Advisors will have likely noticed that Massachusetts has just introduced a new fiduciary rule. The rule, announced on Friday, makes Massachusetts the first state to adopt a best interest standard since courts struck down the DOL’s fiduciary rule. The rule is under the usual attacks from industry trade groups, but more surprisingly, it is also being attacked by fiduciary rule advocates. Such advocates had initially praised the rule’s first draft, but now say the state made too many changes before implementation. According to the Consumer Federation of America “What’s left is a modest improvement on Regulation Best Interest but not the kind of tough standard needed to protect investors from conflicted advice.”
FINSUM: The changes to the rule were significant, such as not applying to insurance product sales and not applying to brokers unless “account monitoring” was specifically specified in the customer contract. The rule takes effect March 6th.
Apple’s stock has suffered significantly last week since it announced that it would likely miss its revenue targets because of the virus outbreak in China. The stock is down 7% since the announcement and there is increasing speculation the damage may not be transient. The whole incident calls into question whether the country is too reliant on China for production (and also for sales). Many Wall Street analysts have pushed lost revenue for this quarter into other quarters, but it is not at all inconceivable to think that some of the sales may be lost permanently as consumers could have bought rival products, or just won’t switch at all (especially those in China).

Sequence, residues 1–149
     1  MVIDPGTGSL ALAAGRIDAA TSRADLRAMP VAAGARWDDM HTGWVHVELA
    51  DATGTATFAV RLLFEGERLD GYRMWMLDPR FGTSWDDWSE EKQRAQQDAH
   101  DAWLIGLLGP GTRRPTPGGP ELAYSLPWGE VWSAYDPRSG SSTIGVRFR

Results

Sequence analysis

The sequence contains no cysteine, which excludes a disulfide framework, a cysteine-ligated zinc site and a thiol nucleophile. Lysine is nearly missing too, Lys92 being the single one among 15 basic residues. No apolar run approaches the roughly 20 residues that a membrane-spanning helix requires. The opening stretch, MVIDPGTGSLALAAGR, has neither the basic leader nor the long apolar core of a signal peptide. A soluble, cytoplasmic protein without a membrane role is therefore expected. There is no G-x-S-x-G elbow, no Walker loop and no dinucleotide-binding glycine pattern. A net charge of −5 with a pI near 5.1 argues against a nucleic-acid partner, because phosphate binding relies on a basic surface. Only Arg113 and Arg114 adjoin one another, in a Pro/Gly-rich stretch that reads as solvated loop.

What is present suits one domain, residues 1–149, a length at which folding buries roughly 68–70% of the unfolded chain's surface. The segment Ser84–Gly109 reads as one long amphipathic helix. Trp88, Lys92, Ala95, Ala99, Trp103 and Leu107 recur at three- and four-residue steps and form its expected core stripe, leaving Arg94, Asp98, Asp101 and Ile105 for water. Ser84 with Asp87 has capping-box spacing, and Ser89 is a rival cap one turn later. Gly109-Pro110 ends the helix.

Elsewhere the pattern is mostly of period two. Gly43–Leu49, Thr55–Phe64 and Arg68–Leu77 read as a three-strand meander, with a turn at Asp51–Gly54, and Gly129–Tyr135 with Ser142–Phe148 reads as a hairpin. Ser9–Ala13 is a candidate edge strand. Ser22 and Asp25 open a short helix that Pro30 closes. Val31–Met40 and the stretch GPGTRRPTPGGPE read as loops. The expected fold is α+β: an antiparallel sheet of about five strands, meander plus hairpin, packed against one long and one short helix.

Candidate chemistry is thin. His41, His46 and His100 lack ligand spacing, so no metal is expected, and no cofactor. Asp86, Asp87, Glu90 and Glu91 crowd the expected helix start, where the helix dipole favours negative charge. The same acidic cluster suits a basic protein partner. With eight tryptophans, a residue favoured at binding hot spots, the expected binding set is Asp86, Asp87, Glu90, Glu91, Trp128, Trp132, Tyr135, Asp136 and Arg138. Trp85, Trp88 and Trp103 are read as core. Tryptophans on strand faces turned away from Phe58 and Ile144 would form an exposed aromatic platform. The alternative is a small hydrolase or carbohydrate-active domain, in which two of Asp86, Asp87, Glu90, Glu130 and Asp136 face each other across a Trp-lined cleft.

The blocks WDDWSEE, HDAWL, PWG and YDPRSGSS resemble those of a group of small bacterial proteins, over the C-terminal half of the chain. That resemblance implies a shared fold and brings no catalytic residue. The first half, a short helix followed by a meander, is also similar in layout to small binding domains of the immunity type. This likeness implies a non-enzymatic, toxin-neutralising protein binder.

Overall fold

FINSUM: Apple should probably work to adjust its supply chain as a reaction to this, but that seems unlikely. Hard to tell how this plays out; it depends on the news cycle.
The bond market looks primed for a big correction, says a top asset manager. Bonds have been surging in price as yields fall because of fears over coronavirus, but they seem likely to have a sharp pullback once the news cycle focusing on the virus moves on. That is the argument coming out of asset manager WisdomTree. According to the firm’s head of Fixed Income Strategy, if we have a sharp “V” shaped recovery, then bonds might see yields jump sharply (and prices fall sharply).
FINSUM: WisdomTree made one other excellent point that is not as obvious. US companies are starting to seek alternative suppliers away from China. As this happens, there is likely to be a transitory pickup in inflation since prices are probably going to be higher from suppliers outside of China. Accordingly, bond markets might also react sharply to a rise in inflation.
Fixed Index Annuities have suffered from some bad selling practices over the years, and resultantly, bad publicity. However, they can serve some very important roles in a portfolio. There are a few things to remember about them. Firstly, they were designed to compete with CD-like returns while giving complete principal protection. Don’t think of them as a market growth product, they are a life insurance product. Additionally, they are a very good vehicle for income rider guarantees, or contractually agreed guaranteed income. This latter point is especially relevant given that 10,000 Baby Boomers are reaching retirement age every day and we live in a near pension-less world.
FINSUM: When carefully considered and utilized, FIAs can be excellent products that provide steady income and peace of mind.
We have ben warning for weeks that as the coronavirus continued to spread, airline and other travel stocks would continue to be wounded (and likely not recover soon). That is happening n a big way today as news of a quarantine in Italy sent markets into a panic about the spread of the disease beyond China. Cruise ships and airline stocks are taking body blows as a result, with Delta and American down 7% and 10% respectively.
FINSUM: These are massive losses, and the worst part about it is that there is unlikely to be a “V” shaped recovery in these sectors, as it will take some time for the public’s fear of the virus (and thus travel) to wane even after things start to get better.